As a runner, how can Yoga improve my performance?

IMG_5836Obviously I am a big advocate of incorporating yoga into one’s fitness or lifestyle regime in general because of the holistic benefits it can offer the mind, body and spirit but I know there are still a lot of people out there that are not completely convinced.  I have one friend who is much younger than I, 30 to be exact, who has not been bitten by the yoga bug despite being a hard-core athlete and the benefits it can bestow her.  In the past she predominantly was a high performing runner, qualifying for Boston at 29 years old, which is no easy feat and has since embarked into the triathlon world and is now currently training for an Ironman.  Needless to say her schedule is pretty full trying to fit in the base training for the three sports but in her case I would view yoga on the same plane as eating vegetables.  You may not like the taste of them but you know they are good for you so you eat them regardless for the nutritional value, and likewise with yoga, it is very essential that a session or two be worked into your weekly schedule for you really can’t afford not to neglect what yoga can do for an individual, especially a  hard-core athlete.

Training for a triathlon which involves 3 different sports – swimming, running and biking, inherently provides excellent cross-training benefits and in some ways can prevent some injuries that might otherwise surface if one was just focusing on one sport, like running.  For the purpose of this post I will gear my argument to my sole sport running friends with the hopes of having them add some yoga into their fitness routine.

With most of my running friends, running is so tightly integrated into who they are and what they do now that I am sure when some of them get side lined with an injury they go through a cycle of grief and depression as if they have lost a valuable friend.   This begs another line of discussion but let’s leave this topic alone for now.  So think about it, runners pound the pavement over and over, one foot in front of the other where the force of each foot is said to be about 3-4x their weight, with each foot strike involving compaction and contraction of muscles.  Without stating the obvious there are no counter muscle movements happening to lengthen these muscles during the act of running and thus it is quite common that prolonged running tightens up specific muscles and without doing anything to counter this occurrence (i.e. regular and consistent stretching/yoga of specific muscles) it can increase the chance of injury.  The potential for injury further increases when you start running or get into endurance mileage (half marathons and up) with existing imbalances within the body, such as tight hips, calves, weak ankles or asymmetry from one side to the other.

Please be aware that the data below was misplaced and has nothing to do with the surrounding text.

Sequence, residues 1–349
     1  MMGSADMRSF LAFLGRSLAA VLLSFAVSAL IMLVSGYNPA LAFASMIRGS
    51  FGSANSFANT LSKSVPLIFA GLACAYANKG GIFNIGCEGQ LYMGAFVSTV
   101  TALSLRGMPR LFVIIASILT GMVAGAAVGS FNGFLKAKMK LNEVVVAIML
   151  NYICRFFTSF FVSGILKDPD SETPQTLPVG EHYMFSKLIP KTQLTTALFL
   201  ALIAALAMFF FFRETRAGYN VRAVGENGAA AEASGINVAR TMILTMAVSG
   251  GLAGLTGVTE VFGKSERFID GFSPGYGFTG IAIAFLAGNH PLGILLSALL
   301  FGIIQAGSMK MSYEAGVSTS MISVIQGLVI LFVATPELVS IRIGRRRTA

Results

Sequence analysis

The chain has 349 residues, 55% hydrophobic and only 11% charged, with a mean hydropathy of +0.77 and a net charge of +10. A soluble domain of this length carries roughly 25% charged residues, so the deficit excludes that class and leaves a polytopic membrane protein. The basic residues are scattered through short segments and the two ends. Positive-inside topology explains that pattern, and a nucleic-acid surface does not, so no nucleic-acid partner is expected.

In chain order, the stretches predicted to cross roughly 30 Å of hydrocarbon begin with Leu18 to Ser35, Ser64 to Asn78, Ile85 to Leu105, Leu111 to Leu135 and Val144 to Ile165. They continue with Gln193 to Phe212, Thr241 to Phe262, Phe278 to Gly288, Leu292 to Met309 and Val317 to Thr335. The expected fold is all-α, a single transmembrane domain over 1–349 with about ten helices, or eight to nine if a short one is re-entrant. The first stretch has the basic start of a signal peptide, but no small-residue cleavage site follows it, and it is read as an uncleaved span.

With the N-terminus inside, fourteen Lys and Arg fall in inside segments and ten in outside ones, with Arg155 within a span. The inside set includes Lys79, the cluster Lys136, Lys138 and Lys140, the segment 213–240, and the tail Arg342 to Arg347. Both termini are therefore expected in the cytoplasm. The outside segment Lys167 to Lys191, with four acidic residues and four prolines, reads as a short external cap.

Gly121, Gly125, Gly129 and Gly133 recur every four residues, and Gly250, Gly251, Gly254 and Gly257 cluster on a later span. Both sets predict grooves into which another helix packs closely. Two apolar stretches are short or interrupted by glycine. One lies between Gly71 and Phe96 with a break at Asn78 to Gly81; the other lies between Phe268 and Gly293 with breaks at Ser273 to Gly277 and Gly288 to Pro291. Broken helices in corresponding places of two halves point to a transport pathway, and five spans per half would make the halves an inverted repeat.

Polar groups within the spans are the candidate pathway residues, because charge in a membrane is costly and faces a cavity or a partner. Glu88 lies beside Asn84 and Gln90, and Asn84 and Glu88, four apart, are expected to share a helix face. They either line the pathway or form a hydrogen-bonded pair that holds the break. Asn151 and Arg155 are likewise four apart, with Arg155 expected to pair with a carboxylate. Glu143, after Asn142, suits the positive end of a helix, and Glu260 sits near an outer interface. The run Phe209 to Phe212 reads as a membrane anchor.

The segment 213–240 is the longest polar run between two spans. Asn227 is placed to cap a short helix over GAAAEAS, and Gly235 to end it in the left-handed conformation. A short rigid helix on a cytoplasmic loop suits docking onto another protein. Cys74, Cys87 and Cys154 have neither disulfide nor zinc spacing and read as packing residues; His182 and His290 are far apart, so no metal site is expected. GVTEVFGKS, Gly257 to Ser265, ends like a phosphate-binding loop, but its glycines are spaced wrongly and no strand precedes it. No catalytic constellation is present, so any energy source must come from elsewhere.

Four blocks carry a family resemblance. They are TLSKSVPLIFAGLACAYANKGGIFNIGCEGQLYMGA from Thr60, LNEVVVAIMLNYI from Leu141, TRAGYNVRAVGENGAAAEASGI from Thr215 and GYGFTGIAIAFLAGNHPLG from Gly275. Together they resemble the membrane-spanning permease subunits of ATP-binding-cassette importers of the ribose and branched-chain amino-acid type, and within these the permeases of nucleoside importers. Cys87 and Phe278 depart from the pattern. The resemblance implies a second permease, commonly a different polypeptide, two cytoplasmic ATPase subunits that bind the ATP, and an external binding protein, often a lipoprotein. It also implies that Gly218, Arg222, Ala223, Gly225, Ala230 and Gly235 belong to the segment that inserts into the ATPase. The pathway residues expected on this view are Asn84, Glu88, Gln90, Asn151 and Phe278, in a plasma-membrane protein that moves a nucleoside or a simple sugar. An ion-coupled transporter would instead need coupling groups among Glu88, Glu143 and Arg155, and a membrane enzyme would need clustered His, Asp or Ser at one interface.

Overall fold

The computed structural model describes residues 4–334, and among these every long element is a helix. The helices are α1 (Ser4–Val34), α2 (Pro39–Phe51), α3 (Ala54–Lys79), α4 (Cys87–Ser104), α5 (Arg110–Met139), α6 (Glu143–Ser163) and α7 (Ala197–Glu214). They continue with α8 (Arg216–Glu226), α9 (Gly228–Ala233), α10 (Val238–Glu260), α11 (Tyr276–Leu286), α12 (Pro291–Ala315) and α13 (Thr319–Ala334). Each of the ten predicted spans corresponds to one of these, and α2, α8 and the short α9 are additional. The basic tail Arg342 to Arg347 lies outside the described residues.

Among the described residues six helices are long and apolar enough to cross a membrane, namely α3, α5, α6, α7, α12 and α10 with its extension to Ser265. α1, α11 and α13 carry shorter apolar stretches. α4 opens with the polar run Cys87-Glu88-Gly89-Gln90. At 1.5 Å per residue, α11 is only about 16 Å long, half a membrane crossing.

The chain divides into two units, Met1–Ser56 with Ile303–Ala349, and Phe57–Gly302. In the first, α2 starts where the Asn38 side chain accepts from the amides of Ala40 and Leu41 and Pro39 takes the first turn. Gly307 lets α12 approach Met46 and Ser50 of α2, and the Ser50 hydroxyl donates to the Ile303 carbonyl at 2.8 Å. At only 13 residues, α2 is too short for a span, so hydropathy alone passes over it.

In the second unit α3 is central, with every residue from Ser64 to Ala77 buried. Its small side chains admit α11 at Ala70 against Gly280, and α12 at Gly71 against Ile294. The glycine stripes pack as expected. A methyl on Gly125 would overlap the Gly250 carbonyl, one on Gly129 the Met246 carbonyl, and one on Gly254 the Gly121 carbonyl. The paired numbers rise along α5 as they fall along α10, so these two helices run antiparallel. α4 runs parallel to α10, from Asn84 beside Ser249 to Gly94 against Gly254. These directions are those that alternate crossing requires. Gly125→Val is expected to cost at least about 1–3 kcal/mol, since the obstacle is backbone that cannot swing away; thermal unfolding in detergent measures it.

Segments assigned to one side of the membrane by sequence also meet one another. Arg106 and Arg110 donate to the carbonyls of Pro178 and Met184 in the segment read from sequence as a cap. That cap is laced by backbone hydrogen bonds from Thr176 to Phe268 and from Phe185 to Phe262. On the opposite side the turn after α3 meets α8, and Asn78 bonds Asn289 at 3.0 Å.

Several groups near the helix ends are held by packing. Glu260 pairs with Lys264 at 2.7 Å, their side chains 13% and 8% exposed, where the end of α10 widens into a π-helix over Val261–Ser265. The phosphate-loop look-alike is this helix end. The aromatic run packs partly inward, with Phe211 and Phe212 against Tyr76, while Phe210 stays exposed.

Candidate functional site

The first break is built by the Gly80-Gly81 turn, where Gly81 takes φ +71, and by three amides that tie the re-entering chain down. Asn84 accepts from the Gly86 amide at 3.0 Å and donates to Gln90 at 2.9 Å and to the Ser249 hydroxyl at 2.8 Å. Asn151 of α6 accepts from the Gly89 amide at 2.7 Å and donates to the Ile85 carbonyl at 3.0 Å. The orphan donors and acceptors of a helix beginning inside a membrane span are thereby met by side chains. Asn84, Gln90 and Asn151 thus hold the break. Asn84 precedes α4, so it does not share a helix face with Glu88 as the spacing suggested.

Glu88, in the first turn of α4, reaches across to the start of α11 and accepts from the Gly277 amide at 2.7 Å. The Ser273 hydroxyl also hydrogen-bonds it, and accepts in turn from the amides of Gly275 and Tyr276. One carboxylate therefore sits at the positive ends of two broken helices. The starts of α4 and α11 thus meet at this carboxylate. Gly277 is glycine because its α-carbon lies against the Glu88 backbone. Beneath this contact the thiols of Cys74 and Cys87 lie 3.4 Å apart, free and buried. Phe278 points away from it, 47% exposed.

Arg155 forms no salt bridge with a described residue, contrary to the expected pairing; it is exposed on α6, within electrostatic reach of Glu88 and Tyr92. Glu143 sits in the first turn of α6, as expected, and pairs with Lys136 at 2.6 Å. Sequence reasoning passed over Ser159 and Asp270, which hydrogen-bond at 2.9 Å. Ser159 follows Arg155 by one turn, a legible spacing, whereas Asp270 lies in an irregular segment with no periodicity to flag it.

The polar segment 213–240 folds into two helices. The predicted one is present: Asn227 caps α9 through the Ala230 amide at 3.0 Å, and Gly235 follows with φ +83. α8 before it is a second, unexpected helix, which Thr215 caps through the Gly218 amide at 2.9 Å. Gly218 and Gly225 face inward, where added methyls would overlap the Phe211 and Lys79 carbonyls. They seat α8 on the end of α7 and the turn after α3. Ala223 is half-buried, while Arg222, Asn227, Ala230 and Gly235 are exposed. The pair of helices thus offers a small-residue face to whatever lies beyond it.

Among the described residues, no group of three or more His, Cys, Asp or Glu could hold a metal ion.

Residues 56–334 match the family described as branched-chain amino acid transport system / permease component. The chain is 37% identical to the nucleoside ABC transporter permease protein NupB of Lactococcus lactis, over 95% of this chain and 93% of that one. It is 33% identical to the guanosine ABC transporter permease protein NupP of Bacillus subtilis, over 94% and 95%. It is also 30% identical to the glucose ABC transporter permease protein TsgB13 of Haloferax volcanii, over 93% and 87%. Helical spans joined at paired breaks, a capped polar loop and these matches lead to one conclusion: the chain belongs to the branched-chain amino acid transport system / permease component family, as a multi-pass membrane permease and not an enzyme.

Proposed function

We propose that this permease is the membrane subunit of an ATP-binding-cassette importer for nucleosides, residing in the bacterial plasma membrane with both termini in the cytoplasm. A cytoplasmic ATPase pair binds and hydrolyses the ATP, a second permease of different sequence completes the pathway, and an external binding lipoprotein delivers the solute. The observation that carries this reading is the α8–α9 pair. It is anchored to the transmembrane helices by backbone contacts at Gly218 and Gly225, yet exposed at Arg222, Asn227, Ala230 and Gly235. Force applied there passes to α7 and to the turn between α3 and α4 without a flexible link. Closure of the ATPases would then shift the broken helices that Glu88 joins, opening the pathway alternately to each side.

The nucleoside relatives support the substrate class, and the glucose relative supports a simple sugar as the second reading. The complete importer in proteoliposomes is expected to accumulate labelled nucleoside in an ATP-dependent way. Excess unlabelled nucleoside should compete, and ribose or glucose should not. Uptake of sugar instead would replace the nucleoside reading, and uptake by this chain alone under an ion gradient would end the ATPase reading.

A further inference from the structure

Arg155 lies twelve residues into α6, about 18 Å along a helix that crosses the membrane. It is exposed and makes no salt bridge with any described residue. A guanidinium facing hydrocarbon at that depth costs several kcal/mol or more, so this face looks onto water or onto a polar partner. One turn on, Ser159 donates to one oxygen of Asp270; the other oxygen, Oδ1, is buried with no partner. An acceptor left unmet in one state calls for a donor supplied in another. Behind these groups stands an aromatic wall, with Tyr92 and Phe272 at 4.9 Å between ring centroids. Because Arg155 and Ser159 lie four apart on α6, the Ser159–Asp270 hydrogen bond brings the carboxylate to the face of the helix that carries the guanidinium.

I challenge any runner reading my post who rarely stretches or does yoga and come into a butterfly pose – simply sit on your bum and pull your soles of your feet together as close into your groin area  as possible without rounding the back. Gently lower your knees towards the ground – don’t force them.   Notice how comfortable this pose feels, does your groin muscles feel tight? Is one knee higher than the other or closer to the ground then the other? Do you feel like your shoulders are rounding or that your back is rounding because your pelvis seems to be tilting back?

A simple pose like this can speak volumes to what muscle(s) might be extra tight, where there might be asymmetry within the body or misalignment.  In any case too much tension, misalignment or asymmetry might be causing the body to overcompensate while running and over time increase your risk for injury.

By practicing yoga on a regular basis,  it gives you great insight to where you might have such  imbalances within the body and allow you to focus on building the necessary strength or flexibility within the muscles to withstand the repetitive pounding on the pavement.   In the end yoga will allow many runners to have longer running careers with fewer injuries.  Hopefully you will find incorporating yoga into your practice is more analogous of eating sin-free chocolate as opposed to eating brussel sprouts.



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